How do you know if someone’s smart?
Without administering an impromptu IQ test, there are certain clues you can use to gauge a person’s relative intelligence.
We combed through decades of scientific research and highlighted 9 surprising signs of braininess.
Keep in mind, however, that “intelligence” is often measured through tests that have been widely criticised for putting certain social groups at a disadvantage and for minimising the importance of creativity. Psychologists are constantly finding newer, more effective ways to measure cognitive ability — meaning the signs are ever-evolving.
Additional reporting by Chelsea Harvey.
Oldest siblings are usually smarter, but it's not because of genetics, one study found.
Norwegian epidemiologists used military records to examine the birth order, health status, and IQ scores of nearly 250,000 18- and 19-year-old men born between 1967 and 1976. Results showed that the average firstborn had an IQ of 103, compared to 100 for second children and 99 for third children.
The New York Times reports: 'The new findings, from a landmark study published (in June 2007), showed that eldest children had a slight but significant edge in IQ -- an average of three points over the closest sibling. And it found that the difference was not because of biological factors but the psychological interplay of parents and children.'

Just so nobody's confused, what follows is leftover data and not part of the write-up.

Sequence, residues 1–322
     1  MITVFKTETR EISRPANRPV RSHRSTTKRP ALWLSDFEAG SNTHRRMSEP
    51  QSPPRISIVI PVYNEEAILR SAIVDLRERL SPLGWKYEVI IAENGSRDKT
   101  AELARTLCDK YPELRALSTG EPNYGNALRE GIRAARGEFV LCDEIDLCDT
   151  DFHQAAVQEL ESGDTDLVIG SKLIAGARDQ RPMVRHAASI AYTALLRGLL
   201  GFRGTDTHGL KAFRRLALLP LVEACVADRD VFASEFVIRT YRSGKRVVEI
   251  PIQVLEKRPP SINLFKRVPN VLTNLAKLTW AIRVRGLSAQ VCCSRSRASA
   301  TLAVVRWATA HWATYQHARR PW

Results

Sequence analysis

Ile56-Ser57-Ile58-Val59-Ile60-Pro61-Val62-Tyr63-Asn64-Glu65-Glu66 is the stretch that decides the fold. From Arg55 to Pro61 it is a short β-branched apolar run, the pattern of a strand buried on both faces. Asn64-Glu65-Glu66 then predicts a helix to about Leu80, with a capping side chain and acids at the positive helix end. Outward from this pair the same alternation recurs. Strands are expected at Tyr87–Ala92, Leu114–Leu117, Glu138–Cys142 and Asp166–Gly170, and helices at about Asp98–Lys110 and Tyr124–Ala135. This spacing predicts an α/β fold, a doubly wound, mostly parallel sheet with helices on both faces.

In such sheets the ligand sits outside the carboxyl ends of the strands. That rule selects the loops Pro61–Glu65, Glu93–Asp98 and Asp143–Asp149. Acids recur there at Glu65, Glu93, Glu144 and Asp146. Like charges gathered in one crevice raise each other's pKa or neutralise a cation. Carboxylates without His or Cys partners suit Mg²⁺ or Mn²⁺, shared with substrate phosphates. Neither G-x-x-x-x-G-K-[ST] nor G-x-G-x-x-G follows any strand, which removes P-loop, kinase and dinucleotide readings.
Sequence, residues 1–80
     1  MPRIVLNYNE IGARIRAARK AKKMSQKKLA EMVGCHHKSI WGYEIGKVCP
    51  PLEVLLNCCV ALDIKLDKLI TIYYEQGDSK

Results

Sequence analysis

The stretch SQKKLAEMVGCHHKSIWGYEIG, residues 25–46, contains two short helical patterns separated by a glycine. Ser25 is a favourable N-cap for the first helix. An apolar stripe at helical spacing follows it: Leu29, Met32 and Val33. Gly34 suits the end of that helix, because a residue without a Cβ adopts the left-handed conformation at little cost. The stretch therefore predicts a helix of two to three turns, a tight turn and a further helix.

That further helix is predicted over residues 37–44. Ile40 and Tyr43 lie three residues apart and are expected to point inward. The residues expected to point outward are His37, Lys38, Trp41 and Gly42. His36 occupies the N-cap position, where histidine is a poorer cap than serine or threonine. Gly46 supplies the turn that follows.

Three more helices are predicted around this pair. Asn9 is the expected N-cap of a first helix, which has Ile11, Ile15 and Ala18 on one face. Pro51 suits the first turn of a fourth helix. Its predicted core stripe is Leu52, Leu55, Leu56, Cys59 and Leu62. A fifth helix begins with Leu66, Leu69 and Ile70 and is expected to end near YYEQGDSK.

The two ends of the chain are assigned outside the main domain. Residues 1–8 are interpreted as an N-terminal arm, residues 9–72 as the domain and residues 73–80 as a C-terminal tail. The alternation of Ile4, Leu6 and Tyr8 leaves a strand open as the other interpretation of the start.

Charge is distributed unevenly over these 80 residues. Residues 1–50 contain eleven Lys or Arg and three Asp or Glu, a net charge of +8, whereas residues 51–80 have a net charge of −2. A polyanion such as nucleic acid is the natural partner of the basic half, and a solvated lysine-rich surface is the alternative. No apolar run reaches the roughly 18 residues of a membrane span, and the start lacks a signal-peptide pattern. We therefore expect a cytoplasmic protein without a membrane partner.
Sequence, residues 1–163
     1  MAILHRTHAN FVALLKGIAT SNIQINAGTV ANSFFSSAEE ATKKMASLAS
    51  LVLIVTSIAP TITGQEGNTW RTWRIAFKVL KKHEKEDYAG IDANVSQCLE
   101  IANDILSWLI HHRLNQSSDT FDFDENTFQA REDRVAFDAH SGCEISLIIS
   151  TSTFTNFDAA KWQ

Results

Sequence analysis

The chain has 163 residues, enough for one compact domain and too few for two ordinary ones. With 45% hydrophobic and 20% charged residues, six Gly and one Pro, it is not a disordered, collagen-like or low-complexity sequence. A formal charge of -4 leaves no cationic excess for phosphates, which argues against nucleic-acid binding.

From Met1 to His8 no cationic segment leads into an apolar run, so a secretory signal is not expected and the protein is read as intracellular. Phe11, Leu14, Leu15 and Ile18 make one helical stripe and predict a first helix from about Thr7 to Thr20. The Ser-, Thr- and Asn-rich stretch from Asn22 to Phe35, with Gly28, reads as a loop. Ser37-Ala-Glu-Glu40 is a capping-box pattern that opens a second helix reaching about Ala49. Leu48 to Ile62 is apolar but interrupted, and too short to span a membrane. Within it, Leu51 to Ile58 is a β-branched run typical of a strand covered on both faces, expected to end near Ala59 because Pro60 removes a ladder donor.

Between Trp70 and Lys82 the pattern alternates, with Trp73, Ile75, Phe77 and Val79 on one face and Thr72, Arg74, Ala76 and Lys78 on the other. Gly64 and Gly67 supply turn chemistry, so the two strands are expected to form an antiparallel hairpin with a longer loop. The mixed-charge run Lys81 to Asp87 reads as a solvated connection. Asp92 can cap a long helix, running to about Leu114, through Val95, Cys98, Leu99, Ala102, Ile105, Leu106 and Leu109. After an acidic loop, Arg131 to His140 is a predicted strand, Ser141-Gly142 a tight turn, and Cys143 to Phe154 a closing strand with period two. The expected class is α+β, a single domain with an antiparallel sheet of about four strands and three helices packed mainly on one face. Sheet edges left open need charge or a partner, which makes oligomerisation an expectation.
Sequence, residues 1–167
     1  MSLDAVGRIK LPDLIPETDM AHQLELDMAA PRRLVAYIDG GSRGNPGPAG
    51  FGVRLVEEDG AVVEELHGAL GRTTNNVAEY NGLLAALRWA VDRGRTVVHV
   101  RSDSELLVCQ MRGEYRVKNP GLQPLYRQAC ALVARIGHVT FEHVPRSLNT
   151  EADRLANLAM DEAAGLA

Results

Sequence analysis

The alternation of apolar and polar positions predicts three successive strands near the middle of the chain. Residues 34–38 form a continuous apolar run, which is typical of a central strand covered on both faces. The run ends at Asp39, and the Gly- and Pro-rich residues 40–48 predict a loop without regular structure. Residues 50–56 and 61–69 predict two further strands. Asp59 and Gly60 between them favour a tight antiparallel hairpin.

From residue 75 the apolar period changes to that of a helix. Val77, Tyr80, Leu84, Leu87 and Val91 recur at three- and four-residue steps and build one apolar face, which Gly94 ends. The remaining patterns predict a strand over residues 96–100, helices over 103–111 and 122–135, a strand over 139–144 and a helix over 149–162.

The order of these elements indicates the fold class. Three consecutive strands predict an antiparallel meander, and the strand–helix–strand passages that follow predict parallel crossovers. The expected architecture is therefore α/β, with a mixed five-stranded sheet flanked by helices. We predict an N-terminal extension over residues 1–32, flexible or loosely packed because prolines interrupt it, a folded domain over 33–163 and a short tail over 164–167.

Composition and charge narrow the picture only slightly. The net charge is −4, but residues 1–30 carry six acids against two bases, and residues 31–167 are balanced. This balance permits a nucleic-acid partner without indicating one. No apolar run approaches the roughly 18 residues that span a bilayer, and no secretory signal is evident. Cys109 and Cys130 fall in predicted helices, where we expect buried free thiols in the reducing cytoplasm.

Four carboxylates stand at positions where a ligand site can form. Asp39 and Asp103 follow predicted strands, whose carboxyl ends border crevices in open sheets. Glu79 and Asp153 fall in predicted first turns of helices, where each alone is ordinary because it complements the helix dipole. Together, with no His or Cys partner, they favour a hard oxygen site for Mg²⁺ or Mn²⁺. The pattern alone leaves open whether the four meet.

2007 research suggests that babies who are breastfed might grow up to be smarter kids.
In two studies, the researchers looked at more than 3,000 children in Britain and New Zealand. Those children who had been breastfed scored nearly seven points higher on an IQ test -- but only if they had a particular version of the FADS2 gene. (That version of the gene was present in roughly equal numbers among kids who were and weren't breastfed.)
Figuring out the exact mechanism of this relationship between FADS2, breastfeeding, and IQ will require further study, the scientists noted in their paper on the finding.
More recent research associates left-handedness with 'divergent thinking,' a form of creativity that allows you to come up with novel ideas from a prompt -- at least among men.
The more marked the left-handed preference in a group of males, the better they were at tests of divergent thought.
Left-handers were more adept, for instance, at combining two common objects in novel ways to form a third -- for example, using a pole and a tin can to make a birdhouse. They also excelled at grouping lists of words into as many alternate categories as possible.
A 2008 Princeton study of thousands of people found that taller individuals scored higher on IQ tests as kids and earned more money as adults.
The researchers write: 'As early as age 3 -- before schooling has had a chance to play a role -- and throughout childhood, taller children perform significantly better on cognitive tests.'
In one study, 400 psychology students took intelligence tests that measured abstract reasoning abilities and verbal intelligence.
Then they were asked to come up with captions for several New Yorker cartoons, and those captions were reviewed by independent raters.
As predicted, smarter students were rated as funnier.
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